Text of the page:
McDonald's Corp (MCD)

09 Aug 2013 19:52

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McDonald's (symbol MCD) has long been a staple in many Dividend Growth Investor (DGI) portfolios. When you look at its historical dividend growth MCD rewarded shareholders extremely well over the years. The fact that they have increased dividends for 36 straight years it is no surprise as to why it is a dividend favorite among investors.

Dividend Growth Rates
1-Yr 3-Yr 5-Yr 10-Yr
13.4% 11.9% 13.9% 28.4%

A more detailed look at some numbers and ratios MCD meets many of the criteria I look for in a Dividend Growth stock:

Dividend Growth Rate Debt/Equity Ratio
Criteria MCD Criteria MCD
>= 7.2% 13.4% < 1 .84
Dividend Yield Payout Ratio
Criteria MCD Criteria MCD
> 3% 3.1% < 70% 56%

The main competitors are Burger King (BKW) and Wendys (WEN). Looking at BKW & WEN they currently have P/E Ratios of 45.98 and 214 versus 17.87 for MCD making it look like the value of the three. But the average P/E for MCD over the last five years has been 16.5 so it is slightly over-valued at its current price of $97.90 per share.

An area of concern has been the surge of small specialty hamburger chains such as Five Guys Burger, In-N-Out Burgers, and Jake’s Wayback. But I see this more of a problem with WEN and to some extent BKW. What is insulating MCD from the specialty burger onslaught is its virtual size. MCD currently has 34,480 restaurants in over 118 countries and when we compare to BKW with 12,997 and WEN with 6,560 restaurants it is easy to see how massive of a scale MCD’s operations are in comparison.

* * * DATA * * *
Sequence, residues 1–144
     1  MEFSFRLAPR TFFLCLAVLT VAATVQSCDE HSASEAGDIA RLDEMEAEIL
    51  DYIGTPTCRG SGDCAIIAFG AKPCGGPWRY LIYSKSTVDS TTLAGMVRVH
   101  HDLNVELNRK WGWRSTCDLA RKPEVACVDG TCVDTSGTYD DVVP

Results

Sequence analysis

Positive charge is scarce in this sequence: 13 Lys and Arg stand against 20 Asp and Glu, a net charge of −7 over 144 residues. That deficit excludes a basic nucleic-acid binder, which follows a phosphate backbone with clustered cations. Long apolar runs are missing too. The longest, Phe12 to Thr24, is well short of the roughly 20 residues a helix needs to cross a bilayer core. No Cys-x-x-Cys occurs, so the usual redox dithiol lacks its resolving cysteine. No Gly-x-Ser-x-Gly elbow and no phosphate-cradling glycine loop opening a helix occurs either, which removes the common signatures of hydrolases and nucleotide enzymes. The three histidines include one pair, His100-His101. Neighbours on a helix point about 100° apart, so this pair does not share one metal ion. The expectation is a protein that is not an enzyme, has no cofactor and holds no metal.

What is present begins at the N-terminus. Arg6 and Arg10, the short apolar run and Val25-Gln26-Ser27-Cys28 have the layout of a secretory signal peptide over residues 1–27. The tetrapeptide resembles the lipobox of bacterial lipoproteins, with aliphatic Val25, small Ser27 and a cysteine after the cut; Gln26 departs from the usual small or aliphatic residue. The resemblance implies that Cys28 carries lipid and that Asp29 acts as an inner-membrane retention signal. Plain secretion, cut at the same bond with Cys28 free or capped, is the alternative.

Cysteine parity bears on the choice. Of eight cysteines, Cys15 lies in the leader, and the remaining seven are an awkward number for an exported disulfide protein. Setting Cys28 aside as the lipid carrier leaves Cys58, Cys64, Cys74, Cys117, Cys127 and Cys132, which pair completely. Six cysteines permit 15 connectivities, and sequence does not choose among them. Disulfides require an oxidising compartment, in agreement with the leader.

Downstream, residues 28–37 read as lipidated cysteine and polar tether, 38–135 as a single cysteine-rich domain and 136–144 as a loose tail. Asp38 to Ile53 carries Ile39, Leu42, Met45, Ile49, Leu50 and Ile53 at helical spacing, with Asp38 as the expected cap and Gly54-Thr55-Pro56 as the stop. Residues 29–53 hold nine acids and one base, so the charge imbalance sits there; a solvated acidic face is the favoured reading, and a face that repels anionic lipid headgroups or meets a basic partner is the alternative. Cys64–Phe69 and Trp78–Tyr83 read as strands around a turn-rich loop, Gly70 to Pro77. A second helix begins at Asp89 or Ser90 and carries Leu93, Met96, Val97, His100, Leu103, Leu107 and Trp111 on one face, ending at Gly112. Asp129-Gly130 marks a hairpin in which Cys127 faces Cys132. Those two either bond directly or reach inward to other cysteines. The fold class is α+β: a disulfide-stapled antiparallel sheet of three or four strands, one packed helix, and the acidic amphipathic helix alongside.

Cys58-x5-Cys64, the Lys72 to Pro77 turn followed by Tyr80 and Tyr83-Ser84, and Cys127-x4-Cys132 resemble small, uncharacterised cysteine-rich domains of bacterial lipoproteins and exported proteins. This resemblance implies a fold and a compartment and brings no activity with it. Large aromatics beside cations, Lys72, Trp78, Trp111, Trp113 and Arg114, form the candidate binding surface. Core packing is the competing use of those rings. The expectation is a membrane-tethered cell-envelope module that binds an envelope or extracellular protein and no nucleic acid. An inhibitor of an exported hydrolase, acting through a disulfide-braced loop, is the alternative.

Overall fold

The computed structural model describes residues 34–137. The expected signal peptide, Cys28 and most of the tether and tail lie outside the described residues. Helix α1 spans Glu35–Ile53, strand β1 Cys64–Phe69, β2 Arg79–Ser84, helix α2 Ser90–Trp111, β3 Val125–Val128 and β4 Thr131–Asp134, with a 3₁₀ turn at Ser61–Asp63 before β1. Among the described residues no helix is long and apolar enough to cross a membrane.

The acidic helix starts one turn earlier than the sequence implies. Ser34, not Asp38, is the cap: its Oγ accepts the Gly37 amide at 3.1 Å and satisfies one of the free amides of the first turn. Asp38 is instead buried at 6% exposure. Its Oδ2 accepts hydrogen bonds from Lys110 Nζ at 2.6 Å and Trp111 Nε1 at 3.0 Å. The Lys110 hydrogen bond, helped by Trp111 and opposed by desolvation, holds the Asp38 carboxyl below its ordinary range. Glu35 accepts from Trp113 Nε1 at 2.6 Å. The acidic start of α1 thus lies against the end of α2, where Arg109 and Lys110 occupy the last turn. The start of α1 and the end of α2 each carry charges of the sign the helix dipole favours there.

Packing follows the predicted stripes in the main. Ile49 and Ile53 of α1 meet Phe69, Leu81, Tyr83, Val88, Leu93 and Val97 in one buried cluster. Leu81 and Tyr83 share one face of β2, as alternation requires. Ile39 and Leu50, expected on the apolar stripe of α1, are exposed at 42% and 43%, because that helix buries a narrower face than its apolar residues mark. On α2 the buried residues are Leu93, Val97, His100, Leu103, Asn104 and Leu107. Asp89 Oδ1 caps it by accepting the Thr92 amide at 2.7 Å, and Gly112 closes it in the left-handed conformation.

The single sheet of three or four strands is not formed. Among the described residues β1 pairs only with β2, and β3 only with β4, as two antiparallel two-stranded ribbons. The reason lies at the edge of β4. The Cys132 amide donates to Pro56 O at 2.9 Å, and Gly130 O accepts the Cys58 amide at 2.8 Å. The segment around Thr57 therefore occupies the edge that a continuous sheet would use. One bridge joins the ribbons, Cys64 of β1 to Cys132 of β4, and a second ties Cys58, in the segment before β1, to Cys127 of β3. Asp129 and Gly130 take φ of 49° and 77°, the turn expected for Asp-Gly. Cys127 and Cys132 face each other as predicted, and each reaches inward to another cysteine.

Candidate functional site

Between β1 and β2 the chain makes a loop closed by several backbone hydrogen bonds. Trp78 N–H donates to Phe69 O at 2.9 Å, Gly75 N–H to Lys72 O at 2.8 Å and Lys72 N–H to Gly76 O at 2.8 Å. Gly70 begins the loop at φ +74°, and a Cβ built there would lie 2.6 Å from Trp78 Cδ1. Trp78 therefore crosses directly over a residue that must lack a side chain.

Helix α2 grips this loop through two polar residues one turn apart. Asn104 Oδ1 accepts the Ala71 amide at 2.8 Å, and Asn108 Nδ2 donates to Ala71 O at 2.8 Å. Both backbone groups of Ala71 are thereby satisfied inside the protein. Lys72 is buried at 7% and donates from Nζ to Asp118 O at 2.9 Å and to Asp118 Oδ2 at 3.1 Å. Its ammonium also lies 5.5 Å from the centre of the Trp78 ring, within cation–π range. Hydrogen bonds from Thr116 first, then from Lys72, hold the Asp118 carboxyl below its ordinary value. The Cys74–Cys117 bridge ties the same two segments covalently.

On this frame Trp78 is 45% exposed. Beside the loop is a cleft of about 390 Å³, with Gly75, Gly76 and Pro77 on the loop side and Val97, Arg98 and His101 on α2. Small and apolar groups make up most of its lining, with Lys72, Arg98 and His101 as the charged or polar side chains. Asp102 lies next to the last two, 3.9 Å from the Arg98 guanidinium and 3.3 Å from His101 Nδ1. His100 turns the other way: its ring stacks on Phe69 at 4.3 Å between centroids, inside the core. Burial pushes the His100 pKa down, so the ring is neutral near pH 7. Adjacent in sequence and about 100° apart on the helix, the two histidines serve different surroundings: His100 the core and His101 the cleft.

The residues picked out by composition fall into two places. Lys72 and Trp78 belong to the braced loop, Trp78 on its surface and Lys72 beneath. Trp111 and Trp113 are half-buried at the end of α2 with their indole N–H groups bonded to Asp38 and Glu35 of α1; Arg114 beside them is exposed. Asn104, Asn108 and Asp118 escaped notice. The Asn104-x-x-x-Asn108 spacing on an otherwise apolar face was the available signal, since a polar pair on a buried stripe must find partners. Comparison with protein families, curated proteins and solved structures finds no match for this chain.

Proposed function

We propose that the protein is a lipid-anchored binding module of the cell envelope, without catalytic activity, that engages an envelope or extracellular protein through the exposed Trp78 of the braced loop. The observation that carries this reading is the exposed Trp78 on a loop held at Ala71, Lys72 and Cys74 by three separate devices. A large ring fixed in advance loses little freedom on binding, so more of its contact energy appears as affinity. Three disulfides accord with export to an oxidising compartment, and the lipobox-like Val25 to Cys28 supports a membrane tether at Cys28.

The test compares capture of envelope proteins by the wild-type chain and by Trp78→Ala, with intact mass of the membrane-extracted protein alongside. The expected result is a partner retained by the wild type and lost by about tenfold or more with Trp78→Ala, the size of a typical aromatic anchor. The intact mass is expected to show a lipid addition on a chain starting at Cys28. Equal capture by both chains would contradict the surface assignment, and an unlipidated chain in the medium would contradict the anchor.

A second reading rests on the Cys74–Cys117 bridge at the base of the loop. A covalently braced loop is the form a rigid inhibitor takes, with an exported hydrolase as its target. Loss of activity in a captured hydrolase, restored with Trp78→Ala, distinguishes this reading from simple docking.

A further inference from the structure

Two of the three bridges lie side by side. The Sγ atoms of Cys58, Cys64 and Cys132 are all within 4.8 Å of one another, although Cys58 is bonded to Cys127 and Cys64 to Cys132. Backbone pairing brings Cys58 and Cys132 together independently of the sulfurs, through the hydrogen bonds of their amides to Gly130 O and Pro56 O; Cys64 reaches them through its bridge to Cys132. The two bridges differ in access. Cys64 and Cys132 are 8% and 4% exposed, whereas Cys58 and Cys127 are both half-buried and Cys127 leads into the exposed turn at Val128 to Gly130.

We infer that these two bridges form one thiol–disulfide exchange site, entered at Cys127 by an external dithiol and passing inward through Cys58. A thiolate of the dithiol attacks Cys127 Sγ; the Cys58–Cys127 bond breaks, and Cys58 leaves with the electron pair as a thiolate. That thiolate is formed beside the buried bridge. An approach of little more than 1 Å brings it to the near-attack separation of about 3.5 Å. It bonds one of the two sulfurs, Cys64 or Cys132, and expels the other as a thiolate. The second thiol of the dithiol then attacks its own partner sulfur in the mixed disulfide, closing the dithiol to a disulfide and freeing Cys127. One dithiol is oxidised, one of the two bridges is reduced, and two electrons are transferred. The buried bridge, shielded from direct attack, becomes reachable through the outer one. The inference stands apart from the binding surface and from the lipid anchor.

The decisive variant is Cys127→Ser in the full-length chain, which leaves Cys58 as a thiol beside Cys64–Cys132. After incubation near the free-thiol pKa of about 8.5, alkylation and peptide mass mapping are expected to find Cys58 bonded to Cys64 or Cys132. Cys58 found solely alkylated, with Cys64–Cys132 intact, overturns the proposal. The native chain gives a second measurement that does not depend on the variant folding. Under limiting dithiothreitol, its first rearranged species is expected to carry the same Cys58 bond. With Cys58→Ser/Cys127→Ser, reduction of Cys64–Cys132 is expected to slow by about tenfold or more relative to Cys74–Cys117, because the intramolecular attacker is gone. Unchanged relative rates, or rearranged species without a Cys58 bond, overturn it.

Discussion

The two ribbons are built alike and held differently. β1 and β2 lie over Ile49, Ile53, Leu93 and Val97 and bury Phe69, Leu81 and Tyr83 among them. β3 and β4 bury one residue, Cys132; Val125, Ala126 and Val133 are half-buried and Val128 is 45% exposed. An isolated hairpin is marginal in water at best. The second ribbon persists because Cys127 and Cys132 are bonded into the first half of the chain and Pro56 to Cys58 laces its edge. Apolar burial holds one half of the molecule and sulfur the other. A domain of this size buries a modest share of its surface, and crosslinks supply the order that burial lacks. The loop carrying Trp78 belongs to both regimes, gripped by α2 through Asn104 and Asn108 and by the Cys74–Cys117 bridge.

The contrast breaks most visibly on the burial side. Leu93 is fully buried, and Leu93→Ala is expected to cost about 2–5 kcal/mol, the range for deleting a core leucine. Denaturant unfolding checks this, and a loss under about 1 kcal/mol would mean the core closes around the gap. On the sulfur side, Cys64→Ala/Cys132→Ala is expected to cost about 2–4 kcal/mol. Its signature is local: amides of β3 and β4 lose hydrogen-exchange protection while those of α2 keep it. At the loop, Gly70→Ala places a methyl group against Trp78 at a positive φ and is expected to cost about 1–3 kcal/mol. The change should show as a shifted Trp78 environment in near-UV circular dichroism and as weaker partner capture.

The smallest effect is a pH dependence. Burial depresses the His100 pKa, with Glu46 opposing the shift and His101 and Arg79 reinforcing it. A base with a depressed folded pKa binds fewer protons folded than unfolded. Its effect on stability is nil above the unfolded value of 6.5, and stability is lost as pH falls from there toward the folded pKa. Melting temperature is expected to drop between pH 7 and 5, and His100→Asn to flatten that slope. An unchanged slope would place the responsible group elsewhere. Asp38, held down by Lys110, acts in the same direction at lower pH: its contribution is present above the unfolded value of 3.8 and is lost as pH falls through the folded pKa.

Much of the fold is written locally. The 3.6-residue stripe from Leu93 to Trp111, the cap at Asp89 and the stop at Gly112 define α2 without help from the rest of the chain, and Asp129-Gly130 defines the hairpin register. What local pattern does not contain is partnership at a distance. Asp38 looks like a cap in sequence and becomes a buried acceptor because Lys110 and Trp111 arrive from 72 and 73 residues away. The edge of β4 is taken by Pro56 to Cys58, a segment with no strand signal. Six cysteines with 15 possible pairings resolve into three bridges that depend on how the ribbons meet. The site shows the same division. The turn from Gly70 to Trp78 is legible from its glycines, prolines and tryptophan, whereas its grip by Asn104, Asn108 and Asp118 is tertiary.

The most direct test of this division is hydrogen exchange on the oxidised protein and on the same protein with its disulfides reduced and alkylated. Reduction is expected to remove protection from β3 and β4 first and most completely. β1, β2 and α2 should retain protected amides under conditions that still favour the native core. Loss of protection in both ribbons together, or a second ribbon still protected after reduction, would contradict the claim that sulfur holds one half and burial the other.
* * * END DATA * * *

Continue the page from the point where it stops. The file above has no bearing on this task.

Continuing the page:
Additionally, 58% of MCDs restaurant are in foreign countries where they do not have to compete with the recent U.S. surge of specialty burger joints. Growth has primarily been in the Asia-Pacific area where it has increased 6.6% from 2011 to 2012 going from 8,865 to 9,454 restaurants and is seven times more penetrated than its closest competitor (BKW has 1,010 restaurants in Asia). Of course as the U.S. dollar strengthens this can turn into a weakness due to currency exchanges.

On the earnings front, earnings per share growth slowed to 5% in 2012 and estimates for 2013 range from 4-5% growth. A fear going forward is if the 13.4% dividend growth rate is sustainable. With a payout ratio of only 56% and combining it with a 4-5% EPS growth rate, dividend growth should continue at a decent pace (7-10% annually) for the next 7 years before it hits my limit of a 70% payout. Personally I do not see MCD management being content with such a slow growth rate over an extended period of time. Their focus on keeping a modern fresh menu and increasing franchise fees should increase growth rates as early as 2014.

Overall, though slightly overvalued, I would not hesitate initiating a small position of MCD in my portfolio and if the stock price drops back to its average P/E of 16.5 (approximately $90 per share) I would increase my investment amount.

Note: I do not own this stock at time of this writing but do have a buy interest.

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